Types of information sources

When asked to find information, it's tempting to just "Google" it.  But information can come from virtually anywhere — media, blogs, personal experiences, books, journal and magazine articles, expert opinions, encyclopedias, and web pages — and the type of information you need will change depending on the question you are trying to answer.  The following provides a brief overview of some types of resources you might want to look at:

Encyclopedias are collections of short, factual entries often written by different contributors who are knowledgeable about the topic. Encyclopedias are great when you are looking for background information on a topic, when trying to find key ideas, or important dates or concepts.  Try looking in at an online encyclopedia such as Te Ara Encyclopedia of New Zealand or Encyclopaedia Britannica (available via Epic, ask Mrs Phillips for the password).

Books cover virtually any topic, fact or fiction, and are a great source of reliable information. To find books on the subject you are researching use our catalogue, ask Mrs Phillips for help, or try your local Christchurch City Library.

Magazine/journal articles
Magazine and journal articles are another great reliable source. Use magazines when you are looking for information or opinions about popular culture, to find up-to-date information about current events, or to find general articles for people who are not necessarily specialists on the topic. Journal articles are usually written by scholars in an academic or professional field and can cover very specific topics or narrow fields of research. Search Epic to find both magazine and journal articles (ask Mrs Phillips for the password).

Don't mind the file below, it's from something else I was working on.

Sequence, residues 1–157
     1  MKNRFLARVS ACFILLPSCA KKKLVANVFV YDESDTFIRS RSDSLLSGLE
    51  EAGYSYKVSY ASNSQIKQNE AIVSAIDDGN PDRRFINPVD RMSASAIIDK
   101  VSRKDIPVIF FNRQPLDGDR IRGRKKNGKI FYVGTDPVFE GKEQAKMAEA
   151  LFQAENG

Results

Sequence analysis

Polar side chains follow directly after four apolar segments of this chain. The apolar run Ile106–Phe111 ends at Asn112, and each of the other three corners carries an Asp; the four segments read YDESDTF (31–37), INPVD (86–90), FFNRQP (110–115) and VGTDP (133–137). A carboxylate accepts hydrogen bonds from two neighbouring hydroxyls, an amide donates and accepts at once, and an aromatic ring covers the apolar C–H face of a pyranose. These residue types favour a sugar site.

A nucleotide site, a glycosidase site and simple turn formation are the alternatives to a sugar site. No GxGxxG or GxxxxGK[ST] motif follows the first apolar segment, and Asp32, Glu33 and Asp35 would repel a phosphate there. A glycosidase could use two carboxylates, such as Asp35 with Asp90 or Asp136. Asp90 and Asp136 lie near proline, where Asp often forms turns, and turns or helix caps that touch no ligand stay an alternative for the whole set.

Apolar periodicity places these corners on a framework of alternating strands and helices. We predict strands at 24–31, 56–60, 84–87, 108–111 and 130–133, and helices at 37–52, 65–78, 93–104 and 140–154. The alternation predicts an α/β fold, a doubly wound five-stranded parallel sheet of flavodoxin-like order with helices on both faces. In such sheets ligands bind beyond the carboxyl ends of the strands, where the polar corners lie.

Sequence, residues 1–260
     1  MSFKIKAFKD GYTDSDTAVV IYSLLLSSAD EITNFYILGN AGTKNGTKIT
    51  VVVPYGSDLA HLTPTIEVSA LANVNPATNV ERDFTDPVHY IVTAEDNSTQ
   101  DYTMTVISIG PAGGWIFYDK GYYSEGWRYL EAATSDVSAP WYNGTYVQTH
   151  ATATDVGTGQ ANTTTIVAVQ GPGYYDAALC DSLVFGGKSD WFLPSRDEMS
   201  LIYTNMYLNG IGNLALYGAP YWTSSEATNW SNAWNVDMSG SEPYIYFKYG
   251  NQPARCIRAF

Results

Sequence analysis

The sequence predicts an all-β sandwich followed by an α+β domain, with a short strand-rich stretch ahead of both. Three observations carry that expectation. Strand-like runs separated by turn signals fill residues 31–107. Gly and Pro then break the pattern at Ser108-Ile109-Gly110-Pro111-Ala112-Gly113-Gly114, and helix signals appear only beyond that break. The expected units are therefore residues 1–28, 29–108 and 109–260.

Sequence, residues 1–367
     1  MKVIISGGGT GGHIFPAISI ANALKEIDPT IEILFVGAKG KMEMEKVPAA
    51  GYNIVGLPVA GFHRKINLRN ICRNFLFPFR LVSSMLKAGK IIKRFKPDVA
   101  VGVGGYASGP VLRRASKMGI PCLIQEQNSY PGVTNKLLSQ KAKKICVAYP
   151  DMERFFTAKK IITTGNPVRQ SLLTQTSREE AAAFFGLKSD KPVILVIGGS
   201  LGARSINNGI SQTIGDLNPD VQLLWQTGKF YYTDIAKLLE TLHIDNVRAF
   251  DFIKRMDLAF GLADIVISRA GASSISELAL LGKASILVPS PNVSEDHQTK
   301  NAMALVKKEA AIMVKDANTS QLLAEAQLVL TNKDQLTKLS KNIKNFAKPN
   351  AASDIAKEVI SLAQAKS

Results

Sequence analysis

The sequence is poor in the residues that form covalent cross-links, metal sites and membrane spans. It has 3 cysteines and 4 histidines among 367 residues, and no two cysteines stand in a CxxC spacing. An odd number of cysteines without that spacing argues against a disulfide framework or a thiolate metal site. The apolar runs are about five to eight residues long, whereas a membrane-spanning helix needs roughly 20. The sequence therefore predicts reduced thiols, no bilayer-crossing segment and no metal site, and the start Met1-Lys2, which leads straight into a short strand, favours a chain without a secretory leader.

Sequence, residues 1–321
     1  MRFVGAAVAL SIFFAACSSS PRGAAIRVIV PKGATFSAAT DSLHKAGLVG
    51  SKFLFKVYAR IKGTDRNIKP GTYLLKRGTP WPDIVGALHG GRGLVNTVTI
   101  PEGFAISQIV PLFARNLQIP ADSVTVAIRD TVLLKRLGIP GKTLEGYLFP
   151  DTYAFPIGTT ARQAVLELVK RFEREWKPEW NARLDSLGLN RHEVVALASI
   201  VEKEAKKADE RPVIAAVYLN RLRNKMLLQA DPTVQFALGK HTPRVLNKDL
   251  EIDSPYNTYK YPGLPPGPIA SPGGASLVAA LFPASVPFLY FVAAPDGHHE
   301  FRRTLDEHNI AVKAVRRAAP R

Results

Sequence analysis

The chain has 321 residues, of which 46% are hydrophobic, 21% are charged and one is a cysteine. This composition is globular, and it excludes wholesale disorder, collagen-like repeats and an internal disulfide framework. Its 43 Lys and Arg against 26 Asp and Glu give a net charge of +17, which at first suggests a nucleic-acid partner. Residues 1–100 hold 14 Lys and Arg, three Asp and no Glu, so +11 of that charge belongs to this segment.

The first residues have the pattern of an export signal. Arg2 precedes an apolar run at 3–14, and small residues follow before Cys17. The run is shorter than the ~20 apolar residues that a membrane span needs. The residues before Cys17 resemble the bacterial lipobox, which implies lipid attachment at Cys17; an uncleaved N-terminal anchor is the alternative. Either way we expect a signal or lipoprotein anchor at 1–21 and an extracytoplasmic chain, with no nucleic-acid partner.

The Web allows you to access most types of information on the Internet through a browser. One of the main features of the Web is the ability to quickly link to other related information. The Web contains information beyond plain text, including sounds, images, and video. The important thing to do when using information on the Internet is to know how to evaluate it! Use websites to find current information, to find information from government agencies, to find both expert and popular opinions, and to find information about hobbies and personal interests.

Source: Virginia Tech University Libraries http://www.lib.vt.edu/help/research/info-sources.html accessed 9 April 2015